My life has been dominated by two diverse themes. One was the six decades of periodic severe depression that plagued every aspect of my life. The second theme was my having faced my death 35, now 36 times stretching over the whole of my life. I suddenly realized they were all aimed to this moment. My purpose was and is wrapped in these events. They prepared me to meet this challenge at this moment and in this place. The sudden insight unleashed a powerful jolt of energy. On this Valentine’s Day, I was gifted, granted, and bestowed the greatest gift I could ever dream of receiving. I was allowed intense insight, clarity, vision, intention, awareness, and purpose I could not have achieved by any other means. I am free! Writing that word does not begin to express the depth or breadth of its meaning. I perceived truth as taught throughout the ages and revealed in all religious traditions. It is overwhelming in a most profound way.
I am aware nothing is certain. Nothing is determined. Everything is impossible until it is done, or you do it. My mother was adamant in teaching me during her almost 104 years of life to never, never, never, ever, give up. That is how I am made.
That said, there are other equally or more important things to be shared and acknowledged. While I will never ever give up, I do understand surrender. I surrender to the experience and the challenges that lie ahead. I am comfortable with who I am. I know my reason and purpose. I live with intention. I understand today is all I have. What is most important is to live in this moment, do all and accomplish all I am able each gifted minute I am given. It is my way of honoring my creation. My gift of having received this wonderful life is filled with the love of family and friends.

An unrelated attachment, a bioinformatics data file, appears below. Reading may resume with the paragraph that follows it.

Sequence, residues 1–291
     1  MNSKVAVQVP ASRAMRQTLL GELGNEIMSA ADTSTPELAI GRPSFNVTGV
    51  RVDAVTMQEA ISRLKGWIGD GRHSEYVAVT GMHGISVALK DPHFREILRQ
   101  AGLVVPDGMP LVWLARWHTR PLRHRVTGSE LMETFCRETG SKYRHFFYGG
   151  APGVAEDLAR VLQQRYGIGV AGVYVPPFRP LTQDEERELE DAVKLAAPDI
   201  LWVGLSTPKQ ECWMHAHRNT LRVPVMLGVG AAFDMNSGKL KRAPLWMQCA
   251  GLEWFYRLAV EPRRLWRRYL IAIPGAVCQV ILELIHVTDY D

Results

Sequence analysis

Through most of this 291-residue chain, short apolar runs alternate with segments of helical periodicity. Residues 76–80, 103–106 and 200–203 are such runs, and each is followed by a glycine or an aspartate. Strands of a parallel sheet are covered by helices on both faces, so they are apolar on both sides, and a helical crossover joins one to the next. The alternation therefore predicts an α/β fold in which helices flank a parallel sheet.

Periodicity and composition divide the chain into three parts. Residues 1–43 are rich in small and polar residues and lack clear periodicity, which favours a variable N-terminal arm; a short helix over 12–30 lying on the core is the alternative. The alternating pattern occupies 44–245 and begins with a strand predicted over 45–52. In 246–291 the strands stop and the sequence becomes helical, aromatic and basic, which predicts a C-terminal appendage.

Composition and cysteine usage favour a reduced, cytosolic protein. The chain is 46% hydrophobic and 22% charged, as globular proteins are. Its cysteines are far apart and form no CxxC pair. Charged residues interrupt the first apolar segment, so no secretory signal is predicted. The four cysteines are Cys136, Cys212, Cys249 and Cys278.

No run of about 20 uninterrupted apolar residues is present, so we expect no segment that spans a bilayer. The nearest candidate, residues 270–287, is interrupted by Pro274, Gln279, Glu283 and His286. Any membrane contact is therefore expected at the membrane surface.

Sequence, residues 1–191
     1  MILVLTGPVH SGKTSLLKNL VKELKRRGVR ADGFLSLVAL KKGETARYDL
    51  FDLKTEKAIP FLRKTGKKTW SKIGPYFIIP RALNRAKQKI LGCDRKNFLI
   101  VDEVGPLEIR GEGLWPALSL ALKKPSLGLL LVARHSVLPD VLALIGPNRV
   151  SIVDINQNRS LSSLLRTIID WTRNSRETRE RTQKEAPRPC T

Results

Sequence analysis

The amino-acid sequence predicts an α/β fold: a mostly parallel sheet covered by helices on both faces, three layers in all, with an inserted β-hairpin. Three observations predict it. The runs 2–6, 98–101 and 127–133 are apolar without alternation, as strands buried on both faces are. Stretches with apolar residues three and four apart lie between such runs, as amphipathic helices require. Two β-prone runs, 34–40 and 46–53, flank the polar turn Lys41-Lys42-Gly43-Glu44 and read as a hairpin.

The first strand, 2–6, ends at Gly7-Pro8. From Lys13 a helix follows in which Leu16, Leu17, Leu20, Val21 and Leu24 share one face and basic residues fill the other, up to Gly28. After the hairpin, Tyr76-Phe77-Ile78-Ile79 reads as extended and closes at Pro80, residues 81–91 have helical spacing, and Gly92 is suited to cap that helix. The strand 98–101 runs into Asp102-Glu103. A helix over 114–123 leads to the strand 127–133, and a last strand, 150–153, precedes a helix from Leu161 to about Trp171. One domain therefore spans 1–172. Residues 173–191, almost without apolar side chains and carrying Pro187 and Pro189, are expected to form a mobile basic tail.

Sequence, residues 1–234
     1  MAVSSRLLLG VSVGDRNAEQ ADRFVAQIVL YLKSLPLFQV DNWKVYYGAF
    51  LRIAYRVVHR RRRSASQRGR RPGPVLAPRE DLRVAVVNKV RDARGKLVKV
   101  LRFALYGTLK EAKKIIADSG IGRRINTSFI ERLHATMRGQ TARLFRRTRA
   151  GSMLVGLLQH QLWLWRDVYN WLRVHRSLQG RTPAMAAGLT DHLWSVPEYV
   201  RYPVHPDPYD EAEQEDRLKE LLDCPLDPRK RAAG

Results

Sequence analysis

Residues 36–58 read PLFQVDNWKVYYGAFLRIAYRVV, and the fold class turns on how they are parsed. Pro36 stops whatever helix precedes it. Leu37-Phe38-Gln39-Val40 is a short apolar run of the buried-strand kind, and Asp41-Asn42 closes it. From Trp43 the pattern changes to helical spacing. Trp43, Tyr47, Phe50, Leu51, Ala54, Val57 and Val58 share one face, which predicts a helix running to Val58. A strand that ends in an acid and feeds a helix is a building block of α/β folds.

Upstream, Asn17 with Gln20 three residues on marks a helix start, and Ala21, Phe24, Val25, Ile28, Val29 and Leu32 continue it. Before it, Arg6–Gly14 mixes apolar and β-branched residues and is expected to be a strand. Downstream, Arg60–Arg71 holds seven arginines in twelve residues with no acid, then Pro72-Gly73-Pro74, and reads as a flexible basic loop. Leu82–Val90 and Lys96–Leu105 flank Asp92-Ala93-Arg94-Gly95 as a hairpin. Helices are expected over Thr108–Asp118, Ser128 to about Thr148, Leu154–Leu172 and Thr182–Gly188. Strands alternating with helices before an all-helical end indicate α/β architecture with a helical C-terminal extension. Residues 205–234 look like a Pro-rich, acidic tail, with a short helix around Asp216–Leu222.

I have goals to reach, tasks to complete, and promises to fulfill. My sense of urgency is increased, but I accept that as my motivation for becoming more focused, more intentional, more purposeful, mindful, and fully aware. I live my life with intention and purpose while pursuing work to awaken others to the perils we face. I encourage movement in the direction of restoring our Earth as we restore ourselves to lives filled with meaning, purpose, and love.
I focus on teaching and trying to be an example for others. My work is laser-focused on the questions that lurk behind every issue we humans face. We enter a future no less challenging than the one I am facing immediately. My goal is modest. I strive to change one person, change one life, make one more person aware, encourage one person to get involved and committed to changing our world. If I accomplish that, I view my work as being a success and my purpose fulfilled.
The filters, the governors, the censors have been removed. I am free to share as I feel. I know that I will without fear of what comes.